Orascom buyout battle scars stock market

A regulatory battle over an offer to buy out shareholders in Orascom Construction Industries may inflict damage on the Egyptian Stock Exchange that lingers long after the country’s politics stabilize and the economy recovers.

Until recently, some foreign investors remained willing to buy Egyptian stocks despite the political conflict surrounding President Mohamed Morsy’s government and the weakness of the economy, which has been hurt by a currency crisis. They assumed these problems would eventually be resolved.
But in the last few weeks, the controversy over Orascom has raised new worries the post-revolution government may be fundamentally unwilling to let the stock market operate freely, and may feel justified in intervening in the market whenever it feels its interests are threatened.
If this perception takes hold, the market could struggle over the long term as businessmen hesitate to list their assets on it and investors shift to more market-friendly jurisdictions.
"There is a lack of transparency in the OCI case and this is a clear case of mismanagement from the authorities," said Osama Mourad, a Cairo-based independent financial analyst and former chief executive of Egypt's Arab Finance Brokerage.
Under a deal announced in January, US investors including Bill Gates committed to buying a US$1 billion stake in Egyptian fertilizer giant OCI NV, which is listed in Amsterdam.
Accompanying the deal was an offer by OCI NV to buy out the listed shares of parent OCI, which is the market's biggest stock, accounting for nearly 15 percent of its capitalization of around $55 billion.
Although OCI issued a statement saying it would not entirely delist, many analysts and investors saw the offer as a prelude to an eventual delisting. So did the government — and that has led to an escalating confrontation with the company.
In late February, after OCI shareholders approved the buyout offer at meetings in Cairo, the Egyptian Financial Supervisory Authority signaled a delay by saying it wanted more information about the transaction.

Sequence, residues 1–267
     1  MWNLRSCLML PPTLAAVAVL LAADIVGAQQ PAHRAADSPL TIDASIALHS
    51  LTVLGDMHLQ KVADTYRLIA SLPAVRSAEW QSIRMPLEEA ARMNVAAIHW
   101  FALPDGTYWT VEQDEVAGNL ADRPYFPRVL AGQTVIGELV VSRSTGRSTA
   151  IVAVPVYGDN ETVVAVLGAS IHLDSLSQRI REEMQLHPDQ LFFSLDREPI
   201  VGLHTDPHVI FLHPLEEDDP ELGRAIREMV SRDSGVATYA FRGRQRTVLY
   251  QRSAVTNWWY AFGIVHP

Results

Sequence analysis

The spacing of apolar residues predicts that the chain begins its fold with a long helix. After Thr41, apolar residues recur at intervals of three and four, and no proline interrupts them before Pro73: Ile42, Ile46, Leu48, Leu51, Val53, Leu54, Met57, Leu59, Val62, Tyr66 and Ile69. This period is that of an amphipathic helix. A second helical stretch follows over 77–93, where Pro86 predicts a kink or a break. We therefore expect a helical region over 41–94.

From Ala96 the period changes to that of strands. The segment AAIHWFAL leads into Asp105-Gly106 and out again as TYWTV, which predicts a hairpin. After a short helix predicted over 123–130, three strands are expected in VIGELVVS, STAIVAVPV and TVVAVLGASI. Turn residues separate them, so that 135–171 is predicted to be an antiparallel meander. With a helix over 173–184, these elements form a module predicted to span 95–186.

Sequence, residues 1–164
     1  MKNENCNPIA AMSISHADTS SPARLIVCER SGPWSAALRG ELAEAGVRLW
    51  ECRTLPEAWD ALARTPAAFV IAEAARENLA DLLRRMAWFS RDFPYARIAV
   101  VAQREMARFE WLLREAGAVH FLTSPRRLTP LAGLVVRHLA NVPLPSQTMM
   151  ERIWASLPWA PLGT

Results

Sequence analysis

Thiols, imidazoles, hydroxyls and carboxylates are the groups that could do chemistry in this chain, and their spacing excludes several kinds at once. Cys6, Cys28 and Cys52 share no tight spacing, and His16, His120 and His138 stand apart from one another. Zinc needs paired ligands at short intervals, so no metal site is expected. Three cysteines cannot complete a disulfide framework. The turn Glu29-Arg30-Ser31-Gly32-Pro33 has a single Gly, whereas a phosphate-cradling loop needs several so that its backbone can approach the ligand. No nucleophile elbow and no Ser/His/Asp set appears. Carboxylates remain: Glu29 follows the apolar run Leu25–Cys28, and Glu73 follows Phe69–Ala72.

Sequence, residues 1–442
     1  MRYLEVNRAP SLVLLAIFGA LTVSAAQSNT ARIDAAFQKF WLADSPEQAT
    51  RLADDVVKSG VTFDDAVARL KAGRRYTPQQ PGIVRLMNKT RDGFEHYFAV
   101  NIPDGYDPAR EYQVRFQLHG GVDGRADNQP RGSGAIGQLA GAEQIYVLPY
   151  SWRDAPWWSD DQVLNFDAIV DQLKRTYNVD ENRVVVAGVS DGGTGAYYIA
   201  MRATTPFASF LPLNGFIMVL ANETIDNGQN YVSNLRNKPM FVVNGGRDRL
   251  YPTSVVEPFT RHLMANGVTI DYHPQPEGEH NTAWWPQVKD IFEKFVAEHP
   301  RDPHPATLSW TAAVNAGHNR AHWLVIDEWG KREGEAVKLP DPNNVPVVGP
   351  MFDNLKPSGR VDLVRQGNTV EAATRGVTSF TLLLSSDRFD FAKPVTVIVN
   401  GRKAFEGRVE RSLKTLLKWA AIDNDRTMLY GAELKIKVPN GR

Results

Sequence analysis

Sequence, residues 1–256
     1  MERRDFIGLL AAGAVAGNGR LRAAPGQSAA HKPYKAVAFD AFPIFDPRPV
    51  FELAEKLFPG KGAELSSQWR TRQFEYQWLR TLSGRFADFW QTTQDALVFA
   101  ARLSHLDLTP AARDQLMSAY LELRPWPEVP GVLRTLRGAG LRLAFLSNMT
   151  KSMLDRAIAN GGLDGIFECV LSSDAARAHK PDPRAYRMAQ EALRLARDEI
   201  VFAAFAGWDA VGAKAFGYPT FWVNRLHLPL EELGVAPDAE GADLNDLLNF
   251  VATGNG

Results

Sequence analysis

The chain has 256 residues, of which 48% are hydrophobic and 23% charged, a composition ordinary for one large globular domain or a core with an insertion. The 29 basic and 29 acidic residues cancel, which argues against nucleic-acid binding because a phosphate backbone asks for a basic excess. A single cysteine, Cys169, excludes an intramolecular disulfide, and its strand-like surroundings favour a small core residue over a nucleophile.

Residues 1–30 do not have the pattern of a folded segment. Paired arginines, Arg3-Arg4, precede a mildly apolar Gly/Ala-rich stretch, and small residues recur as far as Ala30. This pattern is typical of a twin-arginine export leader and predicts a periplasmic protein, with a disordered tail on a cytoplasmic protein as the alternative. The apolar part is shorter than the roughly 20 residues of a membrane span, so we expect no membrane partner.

At the end of February, Investment Minister Osama Saleh told state news agency MENA that the government was holding talks with OCI to dissuade it from delisting.
Then the situation got nasty. In early March, the government said it was barring OCI chief executive Nassef Sawiris and his father Onsi Sawiris from leaving the country as part of a probe into tax evasion. The Sawirises could not be reached for comment but a banker and friend of the family said the men were out of the country and would be detained if they returned.
Members of the Sawiris family have billion-dollar businesses in fertilizers, construction and real estate, making the family one of the country’s biggest employers. So many investors and analysts saw the travel ban as contrary to the government's declared aim of attracting investors.
"If you want to attract investment, you don't punish the richest family in Egypt and people who employ thousands," Mourad said.
The Sawiris family's businesses thrived under Egypt's pre-revolution ruler, Hosni Mubarak, so some investors see in the OCI saga a sign that under the current regime, political enmities are trumping economic pragmatism.
"Criminally pursuing the CEO of Egypt's largest listed company after the government drafted a law to reconcile with businessmen sends a very contradictory signal," said Mohamed Radwan, director of international sales at Pharos Securities.
A day after the travel ban was announced, the EFSA said it was placing limits on the amount of shares which local companies could transfer into internationally traded global depositary receipts.
Analysts saw this as an effort to prevent other companies from imitating the OCI buyout and effectively closing a channel for Egyptian businessmen to transfer ownership of their assets offshore. Such curbs could make other industrialists think twice about listing their firms in Cairo in future.
Many investors and analysts have now concluded the OCI buyout may never go ahead. The first part of the buyout is largely complete — as of late February, holders of almost all of OCI’s GDRs, which account for about 75 percent of its share capital, had agreed to exchange them for OCI NV shares, according to statements from the companies.
But the second part, a cash offer by OCI NV to buy ordinary shares for LE280 each, has not yet proceeded, and OCI’s market price shows decreasing confidence that it will. The stock closed at LE240 on Wednesday, down from LE265 in mid-February, when the buyout plan still seemed in good shape.
The Amsterdam-listed shares of OCI NV have also plunged to $33 from around $40 in mid-February.
Egyptian government officials have held two rounds of discussions with OCI on the tax claim this week. Both have been inconclusive, but it is possible the claim could be resolved amicably.
Even if that happens, however, the events of the last few weeks may have left a lasting impression that Egypt's regulatory environment has become more risky.
"There may be a fear factor at the back of entrepreneurs' minds. If they list a company, the regulator won't allow them to do what they wish to do in terms of corporate actions," said a Cairo-based securities analyst, declining to be named because of the political sensitivity of the issue.

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